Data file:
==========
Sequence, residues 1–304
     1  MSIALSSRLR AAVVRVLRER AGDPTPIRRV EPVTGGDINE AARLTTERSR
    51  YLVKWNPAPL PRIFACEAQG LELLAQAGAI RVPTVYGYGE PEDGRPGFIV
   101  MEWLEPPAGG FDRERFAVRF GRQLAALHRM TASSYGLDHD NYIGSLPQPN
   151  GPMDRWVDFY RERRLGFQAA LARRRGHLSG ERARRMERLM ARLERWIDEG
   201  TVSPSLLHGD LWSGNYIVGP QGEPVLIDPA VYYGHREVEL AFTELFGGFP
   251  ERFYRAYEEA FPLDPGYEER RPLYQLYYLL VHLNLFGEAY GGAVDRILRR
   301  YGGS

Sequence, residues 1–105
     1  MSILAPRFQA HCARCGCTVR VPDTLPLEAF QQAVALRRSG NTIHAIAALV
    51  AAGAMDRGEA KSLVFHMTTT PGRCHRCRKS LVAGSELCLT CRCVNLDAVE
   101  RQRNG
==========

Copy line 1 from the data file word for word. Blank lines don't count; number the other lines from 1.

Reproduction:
Sequence, residues 1–304